The days of reckoning on this decision to add a wetland complex came to me in two very different environments. As I watched spring abound this year, I saw a pair of mallards using the little pools. I witnessed deer frequenting the area and bedding down. And with profound enjoyment, I finally have polliwogs, frogs, salamanders, a blue heron, and several species of plants with brilliant color and diversity.
Probably the more significant purpose of a wetland is to slow down and retain flood waters which unfortunately impacted our area in June and July with over 15 inches of rain. My project and associated upstream native wetland, coupled with our good grass cover, performed admirably and surely saved soil and road culvert blow-outs. When Oneida County Cornell Cooperative Extension surveyed me about damage on the farm from flooding, I proudly replied we had no significant damage other than debris caught in fences and silt nourishing our grasslands. I feel with this crazy weather the systems approach, which includes permanent cover, forests, hedgerows, riparian areas and a robust cadre of livestock, wildlife and soil biology is a sustainable strategy for the future.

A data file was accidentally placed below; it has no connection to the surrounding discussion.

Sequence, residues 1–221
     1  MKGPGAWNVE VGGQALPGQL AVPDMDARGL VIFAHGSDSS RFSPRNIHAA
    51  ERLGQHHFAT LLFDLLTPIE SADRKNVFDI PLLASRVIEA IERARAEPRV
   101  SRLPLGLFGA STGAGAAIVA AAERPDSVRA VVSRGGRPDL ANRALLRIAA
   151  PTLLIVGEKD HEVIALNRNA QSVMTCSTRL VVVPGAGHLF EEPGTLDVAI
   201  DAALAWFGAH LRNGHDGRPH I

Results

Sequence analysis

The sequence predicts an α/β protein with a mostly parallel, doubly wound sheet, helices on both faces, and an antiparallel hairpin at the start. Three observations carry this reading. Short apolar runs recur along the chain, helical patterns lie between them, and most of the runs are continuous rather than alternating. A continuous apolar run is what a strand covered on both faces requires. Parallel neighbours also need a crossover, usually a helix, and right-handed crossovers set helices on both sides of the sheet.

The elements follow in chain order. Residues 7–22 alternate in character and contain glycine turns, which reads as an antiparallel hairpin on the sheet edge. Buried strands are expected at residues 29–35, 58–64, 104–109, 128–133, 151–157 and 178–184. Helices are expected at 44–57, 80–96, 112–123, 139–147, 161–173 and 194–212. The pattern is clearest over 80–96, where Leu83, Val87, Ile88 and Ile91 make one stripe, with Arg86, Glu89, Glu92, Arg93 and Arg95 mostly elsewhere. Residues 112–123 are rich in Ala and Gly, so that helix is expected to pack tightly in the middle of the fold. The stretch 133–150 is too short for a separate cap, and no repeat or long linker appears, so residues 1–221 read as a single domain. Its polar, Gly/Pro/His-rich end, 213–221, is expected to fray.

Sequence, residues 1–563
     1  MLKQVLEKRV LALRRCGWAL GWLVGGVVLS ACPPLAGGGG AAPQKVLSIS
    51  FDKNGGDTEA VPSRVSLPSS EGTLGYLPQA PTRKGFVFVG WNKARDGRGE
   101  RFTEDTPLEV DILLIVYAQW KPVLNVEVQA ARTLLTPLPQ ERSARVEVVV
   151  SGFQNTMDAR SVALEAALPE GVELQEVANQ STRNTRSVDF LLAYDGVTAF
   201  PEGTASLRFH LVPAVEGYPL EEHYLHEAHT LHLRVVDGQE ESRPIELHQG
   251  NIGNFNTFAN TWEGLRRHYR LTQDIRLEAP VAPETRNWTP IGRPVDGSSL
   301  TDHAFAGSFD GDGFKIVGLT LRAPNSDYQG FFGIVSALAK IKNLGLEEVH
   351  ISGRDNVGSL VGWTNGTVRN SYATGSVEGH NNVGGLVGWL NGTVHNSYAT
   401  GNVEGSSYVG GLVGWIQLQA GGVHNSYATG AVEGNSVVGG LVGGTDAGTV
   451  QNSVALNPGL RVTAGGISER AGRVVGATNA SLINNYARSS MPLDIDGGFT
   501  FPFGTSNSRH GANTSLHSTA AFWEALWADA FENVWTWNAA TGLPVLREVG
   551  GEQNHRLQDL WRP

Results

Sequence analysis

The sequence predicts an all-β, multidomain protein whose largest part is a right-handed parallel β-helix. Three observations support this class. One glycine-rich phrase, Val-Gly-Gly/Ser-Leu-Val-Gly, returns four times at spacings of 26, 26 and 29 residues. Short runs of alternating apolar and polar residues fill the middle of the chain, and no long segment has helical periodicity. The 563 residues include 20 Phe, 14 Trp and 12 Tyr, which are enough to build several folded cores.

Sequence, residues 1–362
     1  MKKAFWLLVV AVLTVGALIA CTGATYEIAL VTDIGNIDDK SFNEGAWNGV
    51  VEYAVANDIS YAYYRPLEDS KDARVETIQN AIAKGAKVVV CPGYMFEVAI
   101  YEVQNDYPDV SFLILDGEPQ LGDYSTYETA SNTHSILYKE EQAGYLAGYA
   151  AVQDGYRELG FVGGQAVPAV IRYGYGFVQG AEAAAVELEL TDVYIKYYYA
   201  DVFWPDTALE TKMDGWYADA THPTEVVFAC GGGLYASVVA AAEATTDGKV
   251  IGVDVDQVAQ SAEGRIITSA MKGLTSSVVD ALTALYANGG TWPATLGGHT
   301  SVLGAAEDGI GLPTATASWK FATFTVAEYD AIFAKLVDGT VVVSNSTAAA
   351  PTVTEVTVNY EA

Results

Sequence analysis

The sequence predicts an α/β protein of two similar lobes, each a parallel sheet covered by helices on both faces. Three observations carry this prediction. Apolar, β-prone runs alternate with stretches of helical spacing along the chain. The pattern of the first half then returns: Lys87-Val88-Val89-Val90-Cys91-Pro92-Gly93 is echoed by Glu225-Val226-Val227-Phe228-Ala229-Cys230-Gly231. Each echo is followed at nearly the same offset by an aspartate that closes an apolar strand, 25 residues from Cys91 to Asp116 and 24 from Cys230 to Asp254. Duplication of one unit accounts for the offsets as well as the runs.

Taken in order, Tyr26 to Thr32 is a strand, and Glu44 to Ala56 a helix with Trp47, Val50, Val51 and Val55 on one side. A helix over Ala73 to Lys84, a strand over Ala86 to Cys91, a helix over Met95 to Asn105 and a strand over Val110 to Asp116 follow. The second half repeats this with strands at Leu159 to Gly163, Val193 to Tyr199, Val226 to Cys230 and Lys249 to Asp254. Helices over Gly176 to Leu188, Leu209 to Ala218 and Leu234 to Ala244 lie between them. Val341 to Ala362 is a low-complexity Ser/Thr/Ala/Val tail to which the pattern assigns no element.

My intent here is to stimulate conversation and consideration for adding or enhancing some type of wetland complex on the farm, be it a vernal pool, marsh or fen. The price to build such a nature-friendly practice—just $800 in my case—is far outweighed by soil and water retention, insect eating capacity, species diversity and picture-taking opportunities.
So the next time someone asks you, “What do you want to build a wetland for?” you can share my story or call the professionals at the Upper Susquehanna Coalition. Hey, who knows, if you have a really good spot, the wetland team might even build it for free!
Previously published on the Cornell Small Farms Program blog.